In the lull after Christmas Day we seem to automatically go down a gear and begin to ease off from the tensions of work, maybe watching the Boxing Day Test Match or finding time to walk the beach, or just go out for a coffee and enjoy a slower pace of life. We might reach for that book we were given at Christmas and find ourselves engrossed in another world, enjoying the freedom we enjoy now that the restrictions caused by the Covid-19 virus have been eased.
As the year turns into 2021 there are many reasons why we would want to leave 2020 behind and look forward to a brighter future, hoping that life can return to something like ‘normal’. But then we hear about the outbreak in NSW and learn of a more virulent strain of the virus we become anxious again, and rightly so. The lessons of this last year have taught us to be cautious, especially when we see what is happening in many other parts of the world.
I have often been inspired at the turning of the year by that famous poem God Knows, written by Minnie Haskins. Minnie worked for some years in the Zenana mission to women in Madras with the Wesleyan Methodist Missionary Society and has been described as a woman of unusual capacity and character … a rare understanding and sympathy and infinite patience, combined with a great deal of love and interest in people.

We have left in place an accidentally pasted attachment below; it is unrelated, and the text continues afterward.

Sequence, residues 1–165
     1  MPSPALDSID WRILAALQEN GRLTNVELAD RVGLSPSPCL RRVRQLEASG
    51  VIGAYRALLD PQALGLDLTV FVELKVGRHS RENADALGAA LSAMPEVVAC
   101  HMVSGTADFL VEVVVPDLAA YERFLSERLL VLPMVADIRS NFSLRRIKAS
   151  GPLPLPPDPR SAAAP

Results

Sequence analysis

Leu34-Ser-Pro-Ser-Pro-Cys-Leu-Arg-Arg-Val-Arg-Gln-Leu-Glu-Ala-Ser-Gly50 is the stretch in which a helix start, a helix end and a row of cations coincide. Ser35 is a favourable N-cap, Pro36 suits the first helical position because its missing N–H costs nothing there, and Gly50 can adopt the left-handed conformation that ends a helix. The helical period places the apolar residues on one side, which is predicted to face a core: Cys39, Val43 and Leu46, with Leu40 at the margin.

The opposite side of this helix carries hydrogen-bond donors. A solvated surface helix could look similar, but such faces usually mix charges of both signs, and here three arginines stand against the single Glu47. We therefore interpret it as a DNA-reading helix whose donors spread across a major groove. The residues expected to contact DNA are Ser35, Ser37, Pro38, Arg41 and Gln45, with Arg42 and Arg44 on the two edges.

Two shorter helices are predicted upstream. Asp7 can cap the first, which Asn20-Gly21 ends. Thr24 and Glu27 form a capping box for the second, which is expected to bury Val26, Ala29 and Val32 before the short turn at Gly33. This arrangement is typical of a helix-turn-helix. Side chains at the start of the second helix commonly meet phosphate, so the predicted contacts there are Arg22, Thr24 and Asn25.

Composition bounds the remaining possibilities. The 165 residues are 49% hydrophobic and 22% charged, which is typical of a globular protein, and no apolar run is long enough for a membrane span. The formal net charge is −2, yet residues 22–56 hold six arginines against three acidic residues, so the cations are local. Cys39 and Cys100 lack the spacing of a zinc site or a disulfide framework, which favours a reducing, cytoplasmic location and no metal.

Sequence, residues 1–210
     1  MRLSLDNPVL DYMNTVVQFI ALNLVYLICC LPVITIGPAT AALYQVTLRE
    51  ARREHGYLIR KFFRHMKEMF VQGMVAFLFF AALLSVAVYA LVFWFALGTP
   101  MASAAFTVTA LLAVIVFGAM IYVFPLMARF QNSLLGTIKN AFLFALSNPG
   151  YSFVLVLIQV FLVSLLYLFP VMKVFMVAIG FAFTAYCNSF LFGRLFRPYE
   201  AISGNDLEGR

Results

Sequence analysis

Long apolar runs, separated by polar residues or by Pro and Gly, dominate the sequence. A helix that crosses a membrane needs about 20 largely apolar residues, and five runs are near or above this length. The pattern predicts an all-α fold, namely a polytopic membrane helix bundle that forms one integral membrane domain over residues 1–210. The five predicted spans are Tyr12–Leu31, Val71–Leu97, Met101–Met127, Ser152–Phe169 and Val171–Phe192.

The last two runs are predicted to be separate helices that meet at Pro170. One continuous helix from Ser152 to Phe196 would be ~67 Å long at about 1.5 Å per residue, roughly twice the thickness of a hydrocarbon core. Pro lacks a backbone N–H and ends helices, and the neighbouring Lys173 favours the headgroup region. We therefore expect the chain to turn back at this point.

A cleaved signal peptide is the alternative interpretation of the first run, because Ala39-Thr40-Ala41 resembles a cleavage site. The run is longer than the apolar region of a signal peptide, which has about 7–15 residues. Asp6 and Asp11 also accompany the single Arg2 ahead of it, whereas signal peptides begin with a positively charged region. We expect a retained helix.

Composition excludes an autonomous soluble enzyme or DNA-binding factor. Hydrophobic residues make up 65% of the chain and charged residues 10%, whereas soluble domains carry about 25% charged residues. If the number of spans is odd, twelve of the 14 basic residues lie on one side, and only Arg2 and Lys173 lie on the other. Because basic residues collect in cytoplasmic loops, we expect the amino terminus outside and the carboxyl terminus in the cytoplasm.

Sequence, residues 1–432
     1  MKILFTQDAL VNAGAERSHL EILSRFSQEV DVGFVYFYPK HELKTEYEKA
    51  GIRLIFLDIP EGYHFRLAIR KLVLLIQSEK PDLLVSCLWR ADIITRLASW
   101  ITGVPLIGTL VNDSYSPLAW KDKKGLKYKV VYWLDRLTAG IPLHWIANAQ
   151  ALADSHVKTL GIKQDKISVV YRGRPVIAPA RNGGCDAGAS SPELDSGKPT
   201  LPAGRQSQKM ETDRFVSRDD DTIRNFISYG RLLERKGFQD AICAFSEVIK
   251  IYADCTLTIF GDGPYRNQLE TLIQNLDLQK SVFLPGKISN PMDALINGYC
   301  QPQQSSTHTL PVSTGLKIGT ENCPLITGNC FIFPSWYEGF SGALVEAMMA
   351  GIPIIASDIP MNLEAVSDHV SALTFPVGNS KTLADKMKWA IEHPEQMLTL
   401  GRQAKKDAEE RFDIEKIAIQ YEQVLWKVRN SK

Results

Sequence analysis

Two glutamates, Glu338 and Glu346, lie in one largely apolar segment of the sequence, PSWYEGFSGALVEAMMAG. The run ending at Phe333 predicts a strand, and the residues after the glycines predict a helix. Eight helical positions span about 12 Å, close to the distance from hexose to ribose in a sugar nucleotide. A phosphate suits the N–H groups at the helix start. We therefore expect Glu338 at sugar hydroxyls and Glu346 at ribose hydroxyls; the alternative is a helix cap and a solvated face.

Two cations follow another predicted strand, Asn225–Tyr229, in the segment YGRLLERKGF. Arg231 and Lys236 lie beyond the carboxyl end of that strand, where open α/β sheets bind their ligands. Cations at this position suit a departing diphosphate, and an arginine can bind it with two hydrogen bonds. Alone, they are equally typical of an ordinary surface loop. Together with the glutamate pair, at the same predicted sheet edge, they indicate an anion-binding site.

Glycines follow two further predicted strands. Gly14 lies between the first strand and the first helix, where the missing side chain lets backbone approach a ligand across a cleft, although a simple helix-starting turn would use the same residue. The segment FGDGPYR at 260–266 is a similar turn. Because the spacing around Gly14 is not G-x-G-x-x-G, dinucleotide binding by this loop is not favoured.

When Britain was facing the uncertainty of war with Germany in 1939, an uncertainty reinforced by air-raid sirens piercing the stillness of the night, King George VI chose to use Minnie’s poem in his Christmas Day broadcast from the BBC. He reminded them of the only true King, the One who can provide true peace and real rest in such troubled times, and then read the preamble of this poem that his daughter, Princess Elizabeth, had brought to his attention.
And I said to the man who stood at the gate of the year:
“Give me a light that I may tread safely into the unknown.”
And he replied: “Go out into the darkness and put your hand into the Hand of God.
That shall be to you better than light and safer than a known way.”
So I went forth, and finding the Hand of God, trod gladly into the night.
It has been popular to make New Year resolutions and attempt to turn over a new leaf at this time of the year, and often many of those resolutions go west after a few weeks. I believe that small changes are more effective than big ones and often lead to more lasting change. This week I had the opportunity of sitting at the beach watching the ships turn from the south channel to go through the rip at Port Philip Heads. On such great vessels the rudder is relatively small and the ship turns at the slightest change of the Ship’s wheel.
If you do make a New Year’s resolution choose something small and manageable like sitting for five minutes at the beginning of the day to read a psalm and hold those you love to God. Keeping up a practice of prayer takes time to become a ‘normal’ part of your life. Do you remember learning to drive and how hard it was at first? But now it has become almost automatic. So I invite you to take King George VI at his word and put your hand into the hand of God this year – just five minutes at the beginning of each day – “That shall be to you better than light and safer than a known way.” . . . and if you want to talk about how you might use that time I would be delighted to talk with you.